This album, Loudon's 1970 debut release, is most similar to Album II due to the sparse instrumentation and melancholy tone. He's young, self-absorbed, and full of emotion and a histrionic whine. That aside, this album, and his early material in general, runs circles around just about any contemporary singer-songwriter.
While his humor isn't as prominent on this album as it is later on, it still exists on songs like "Uptown", a song about living in squalor in lower Manhattan. For the most part, though, the songs are brutally honest and poignant, a characteristic that Loudo sharpened in subsequent releases. "School Days" and "Glad to See You've Got Religion" are stand-outs in that department.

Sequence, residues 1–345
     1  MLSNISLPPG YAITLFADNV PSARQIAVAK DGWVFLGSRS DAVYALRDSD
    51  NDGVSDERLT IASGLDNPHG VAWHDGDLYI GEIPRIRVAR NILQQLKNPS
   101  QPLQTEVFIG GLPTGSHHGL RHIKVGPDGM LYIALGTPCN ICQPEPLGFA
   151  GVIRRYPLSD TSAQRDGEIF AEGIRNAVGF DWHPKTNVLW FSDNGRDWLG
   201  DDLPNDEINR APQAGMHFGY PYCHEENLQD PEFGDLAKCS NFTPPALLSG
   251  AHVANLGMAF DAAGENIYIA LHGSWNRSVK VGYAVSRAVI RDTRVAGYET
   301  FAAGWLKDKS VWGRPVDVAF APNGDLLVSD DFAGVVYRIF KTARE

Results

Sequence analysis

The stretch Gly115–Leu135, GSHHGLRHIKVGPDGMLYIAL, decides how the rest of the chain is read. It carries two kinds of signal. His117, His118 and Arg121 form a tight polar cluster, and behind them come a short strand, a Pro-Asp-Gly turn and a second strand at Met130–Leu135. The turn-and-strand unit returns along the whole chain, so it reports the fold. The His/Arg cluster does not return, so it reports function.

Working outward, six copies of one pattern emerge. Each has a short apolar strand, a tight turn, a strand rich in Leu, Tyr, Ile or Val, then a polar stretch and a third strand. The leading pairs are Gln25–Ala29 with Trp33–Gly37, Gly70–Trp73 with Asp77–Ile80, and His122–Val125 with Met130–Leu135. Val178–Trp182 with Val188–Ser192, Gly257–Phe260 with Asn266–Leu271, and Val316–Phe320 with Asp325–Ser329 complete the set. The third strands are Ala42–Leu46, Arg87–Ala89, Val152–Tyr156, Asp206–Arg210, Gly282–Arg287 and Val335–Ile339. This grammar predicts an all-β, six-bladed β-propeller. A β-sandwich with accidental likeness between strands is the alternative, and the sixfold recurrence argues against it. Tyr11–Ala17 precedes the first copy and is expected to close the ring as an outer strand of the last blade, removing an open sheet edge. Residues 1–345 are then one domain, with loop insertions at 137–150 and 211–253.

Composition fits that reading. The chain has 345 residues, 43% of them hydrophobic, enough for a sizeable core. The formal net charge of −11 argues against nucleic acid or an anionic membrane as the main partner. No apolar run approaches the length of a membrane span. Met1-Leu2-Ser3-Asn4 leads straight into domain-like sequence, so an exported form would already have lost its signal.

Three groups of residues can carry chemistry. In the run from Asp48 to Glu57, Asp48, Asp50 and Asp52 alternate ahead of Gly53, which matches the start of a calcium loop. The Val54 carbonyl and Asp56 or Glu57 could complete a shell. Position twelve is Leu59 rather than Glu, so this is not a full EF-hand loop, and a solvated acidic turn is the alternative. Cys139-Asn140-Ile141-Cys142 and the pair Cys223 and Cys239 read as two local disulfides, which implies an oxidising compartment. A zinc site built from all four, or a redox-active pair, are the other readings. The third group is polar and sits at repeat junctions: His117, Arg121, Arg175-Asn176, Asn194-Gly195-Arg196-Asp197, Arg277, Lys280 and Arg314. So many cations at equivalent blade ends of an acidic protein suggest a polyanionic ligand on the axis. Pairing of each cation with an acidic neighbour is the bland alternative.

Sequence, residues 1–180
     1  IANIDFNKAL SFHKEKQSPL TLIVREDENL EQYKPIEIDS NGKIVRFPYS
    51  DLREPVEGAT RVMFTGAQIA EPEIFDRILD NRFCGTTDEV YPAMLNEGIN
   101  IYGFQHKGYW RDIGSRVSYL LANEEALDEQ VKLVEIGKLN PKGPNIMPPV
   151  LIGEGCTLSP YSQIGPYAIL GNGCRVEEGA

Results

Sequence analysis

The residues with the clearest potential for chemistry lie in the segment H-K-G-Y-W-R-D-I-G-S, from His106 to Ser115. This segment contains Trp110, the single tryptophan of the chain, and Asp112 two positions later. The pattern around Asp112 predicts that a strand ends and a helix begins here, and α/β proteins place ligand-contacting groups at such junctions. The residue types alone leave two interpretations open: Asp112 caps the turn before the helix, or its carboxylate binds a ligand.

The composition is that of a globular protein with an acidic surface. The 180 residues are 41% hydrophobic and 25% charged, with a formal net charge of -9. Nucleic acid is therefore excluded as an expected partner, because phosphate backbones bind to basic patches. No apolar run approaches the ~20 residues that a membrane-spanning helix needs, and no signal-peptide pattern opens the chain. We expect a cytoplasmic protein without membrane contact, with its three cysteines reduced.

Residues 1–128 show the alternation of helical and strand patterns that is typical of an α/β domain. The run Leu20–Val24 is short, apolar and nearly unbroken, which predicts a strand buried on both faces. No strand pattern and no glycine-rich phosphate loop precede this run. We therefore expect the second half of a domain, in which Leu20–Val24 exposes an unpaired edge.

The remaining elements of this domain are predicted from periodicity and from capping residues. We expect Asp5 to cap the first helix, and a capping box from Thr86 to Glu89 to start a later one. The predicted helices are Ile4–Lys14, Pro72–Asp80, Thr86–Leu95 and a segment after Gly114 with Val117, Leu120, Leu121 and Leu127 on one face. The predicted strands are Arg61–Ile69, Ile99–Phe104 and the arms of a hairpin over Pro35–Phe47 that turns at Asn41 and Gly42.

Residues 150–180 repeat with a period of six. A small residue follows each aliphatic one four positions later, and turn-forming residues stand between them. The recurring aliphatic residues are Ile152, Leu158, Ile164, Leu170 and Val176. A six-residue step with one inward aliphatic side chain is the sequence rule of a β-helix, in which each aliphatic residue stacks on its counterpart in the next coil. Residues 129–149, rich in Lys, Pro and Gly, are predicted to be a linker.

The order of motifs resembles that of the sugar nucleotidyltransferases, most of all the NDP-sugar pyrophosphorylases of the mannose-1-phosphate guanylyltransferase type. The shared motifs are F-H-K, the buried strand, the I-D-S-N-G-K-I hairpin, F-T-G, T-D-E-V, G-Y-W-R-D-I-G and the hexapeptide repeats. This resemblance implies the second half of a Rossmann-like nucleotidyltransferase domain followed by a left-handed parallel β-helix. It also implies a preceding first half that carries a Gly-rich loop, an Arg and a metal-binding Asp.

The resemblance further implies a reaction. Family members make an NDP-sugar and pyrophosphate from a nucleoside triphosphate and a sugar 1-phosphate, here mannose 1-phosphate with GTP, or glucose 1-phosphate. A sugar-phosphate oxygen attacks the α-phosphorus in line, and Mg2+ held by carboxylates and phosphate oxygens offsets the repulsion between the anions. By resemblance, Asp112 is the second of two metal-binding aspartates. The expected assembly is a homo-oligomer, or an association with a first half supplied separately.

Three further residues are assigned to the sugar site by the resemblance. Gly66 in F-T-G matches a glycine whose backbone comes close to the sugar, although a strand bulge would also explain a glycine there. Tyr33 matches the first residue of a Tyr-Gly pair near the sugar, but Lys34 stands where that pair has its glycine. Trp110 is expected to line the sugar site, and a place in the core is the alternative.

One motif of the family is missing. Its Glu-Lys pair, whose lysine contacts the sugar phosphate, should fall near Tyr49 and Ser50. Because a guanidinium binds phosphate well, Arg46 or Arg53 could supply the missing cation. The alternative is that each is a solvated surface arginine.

After listening to handfuls of his other albums, this is a bit of an anachronism. It's got all the qualities that Loudon's come to be known for, though the songwriting just isn't quite as sharp yet. But that youthful forcefulness, the freshness in his voice, the obvious desire to be recognized- these are the things that make this album worth it.
Loudon Wainwright III - Album I
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